How Does Your New School Design Stack up Against Models of School Quality?
Wednesday, September 4, 2019
From the New School Development Team
The discussion of what constitutes QUALITY in a school is neither a new discussion topic nor one that has been satisfactorily resolved, especially when it comes to how schools are evaluated, statewide or nationwide. This discussion should, however, be extremely important to you if you are considering or in the midst of designing a quality, innovative charter school! If you are interested in learning more about a few of the models that have been developed to measure school quality and even contributing to a study on school quality in Colorado, keep reading.
MODEL 1: California CORE Districts School Quality Improvement System
The CORE Districts have been working to improve student achievement by fostering meaningful collaboration and learning across school districts. The eight participating school districts are Los Angeles, Long Beach, Fresno, Santa Ana, San Francisco, Garden Grove, Sacramento City, and Oakland school districts, which together serve more than a million students. They use improvement community structures and a whole-child, whole-school data and analytics approach to improve student learning. Their School Quality Improvement System was developed by educators and experts working with the CORE Districts, and was designed to offer more and better information to help schools and teachers help students learn. In this system, schools are evaluated 60% on academics (performance and growth, graduation rates) and 40% on social-emotional culture and climate metrics. Click here to read more about the metrics used in this innovative system on quality improvement.
MODEL 2: MCIEA’s School Quality Measures Framework
The Massachusetts Consortium for Innovative Education Assessment (MCIEA) is a partnership of eight MA public school districts joined together to create a fair and effective accountability system that offers a more dynamic picture of student learning and school quality than a single standardized test. MCIEA seeks to increase achievement for all students, close prevailing achievement gaps among subgroups, and prepare a diversity of students for college, career, and life. The framework has been built around multiple measures, which include academic, social-emotional, and school culture indicators, in order to piece together a fairer and more comprehensive picture of school performance. These indicators have been further organized into two main categories: Essential Inputs and Key Outcomes. Read more about MCIEA’s Framework here, and listen to a podcast on measuring school quality featuring the main researcher behind the MCIEA’s framework here.
MODEL 3: NYC’s Framework for Great Schools
NYC’s Framework for Great Schools is the primary way the Department of Education partners with schools. At the center of the Framework is student achievement. The core goal of education is to help students get to the next level and succeed. Surrounding that core are the three elements of student support: instructional guidance, teacher empowerment, and student-centered learning. Beyond the classroom, we need effective school leadership and strong parent-community collaboration. The element that ties all of these supports together is trust. Building trust across the system and within a school—between administrators, educators, students, and families—is the foundation of the Framework for Great Schools. Read more on how NYC’s Framework works here.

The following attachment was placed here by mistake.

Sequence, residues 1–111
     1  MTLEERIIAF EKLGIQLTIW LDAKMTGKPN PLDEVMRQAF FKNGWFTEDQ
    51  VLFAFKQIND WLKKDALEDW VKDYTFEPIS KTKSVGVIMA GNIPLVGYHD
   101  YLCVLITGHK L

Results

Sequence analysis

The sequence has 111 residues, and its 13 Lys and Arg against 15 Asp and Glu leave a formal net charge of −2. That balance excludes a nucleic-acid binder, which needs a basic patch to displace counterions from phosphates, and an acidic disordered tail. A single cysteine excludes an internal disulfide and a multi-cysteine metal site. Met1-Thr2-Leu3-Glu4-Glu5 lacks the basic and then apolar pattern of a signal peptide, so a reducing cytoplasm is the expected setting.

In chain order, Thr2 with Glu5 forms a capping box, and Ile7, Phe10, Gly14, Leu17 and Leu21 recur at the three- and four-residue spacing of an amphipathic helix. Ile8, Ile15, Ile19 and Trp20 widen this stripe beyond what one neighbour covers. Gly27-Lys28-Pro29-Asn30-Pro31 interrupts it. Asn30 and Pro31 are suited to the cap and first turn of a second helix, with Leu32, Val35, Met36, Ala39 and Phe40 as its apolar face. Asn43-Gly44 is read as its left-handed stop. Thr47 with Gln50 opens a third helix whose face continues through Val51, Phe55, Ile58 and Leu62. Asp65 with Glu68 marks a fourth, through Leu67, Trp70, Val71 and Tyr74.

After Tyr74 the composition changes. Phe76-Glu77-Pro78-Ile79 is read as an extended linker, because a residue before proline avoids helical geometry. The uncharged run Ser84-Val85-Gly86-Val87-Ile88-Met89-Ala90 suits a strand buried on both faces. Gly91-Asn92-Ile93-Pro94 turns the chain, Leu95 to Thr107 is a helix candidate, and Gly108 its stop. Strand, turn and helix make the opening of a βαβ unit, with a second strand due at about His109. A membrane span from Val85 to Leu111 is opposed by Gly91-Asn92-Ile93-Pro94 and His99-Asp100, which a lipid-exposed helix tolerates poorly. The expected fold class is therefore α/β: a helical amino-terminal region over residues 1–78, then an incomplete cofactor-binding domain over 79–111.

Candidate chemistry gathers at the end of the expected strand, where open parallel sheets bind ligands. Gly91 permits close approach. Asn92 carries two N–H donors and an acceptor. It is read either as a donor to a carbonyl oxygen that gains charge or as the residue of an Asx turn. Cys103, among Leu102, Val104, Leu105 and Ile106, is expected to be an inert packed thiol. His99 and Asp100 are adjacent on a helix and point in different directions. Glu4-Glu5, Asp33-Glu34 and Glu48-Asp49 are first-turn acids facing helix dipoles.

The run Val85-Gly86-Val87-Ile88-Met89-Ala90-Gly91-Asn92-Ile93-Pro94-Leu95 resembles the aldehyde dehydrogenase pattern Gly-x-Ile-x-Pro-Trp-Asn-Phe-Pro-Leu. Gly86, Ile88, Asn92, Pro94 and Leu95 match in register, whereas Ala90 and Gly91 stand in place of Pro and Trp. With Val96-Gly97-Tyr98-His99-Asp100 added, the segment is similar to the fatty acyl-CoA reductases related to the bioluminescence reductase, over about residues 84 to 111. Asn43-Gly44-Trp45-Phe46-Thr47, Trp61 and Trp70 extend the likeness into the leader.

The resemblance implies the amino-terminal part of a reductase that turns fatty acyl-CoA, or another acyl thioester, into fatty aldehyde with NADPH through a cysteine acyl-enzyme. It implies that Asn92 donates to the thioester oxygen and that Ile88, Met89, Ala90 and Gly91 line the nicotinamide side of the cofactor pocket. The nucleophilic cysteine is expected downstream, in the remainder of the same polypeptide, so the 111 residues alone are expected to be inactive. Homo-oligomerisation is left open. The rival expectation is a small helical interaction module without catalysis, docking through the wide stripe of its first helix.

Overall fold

QUALITY IN COLORADO: The League has developed a framework of quality specific to charters, one that is the result of decades of work in Colorado charters and extensive knowledge of what makes charters effective and sustainable educational institutions. This framework focuses on characteristics that new charter schools, especially after Year 1 of operation, should possess, and is called the 6 Quality Outcomes for New Schools, which covers a range of topics from Operational Practices to School Culture. A more in-depth examination of quality that is specific to new school development in Colorado is the Quality Standards for Developing Charter Schools, developed for founding groups that are in the process of designing a charter school and writing a charter application. These standards were created in order to provide clear guidance for developing groups on what it means to be a high-quality, successful applicant. They also serve to support charter school application reviewers in understanding the elements of a quality charter school plan.
QUALITY STUDY: If you are interested in contributing to the future of QUALITY SCHOOLS IN COLORADO by participating in a research study, please submit your information to us via this link. We will contact you soon with additional details. Thank you so much for your interest!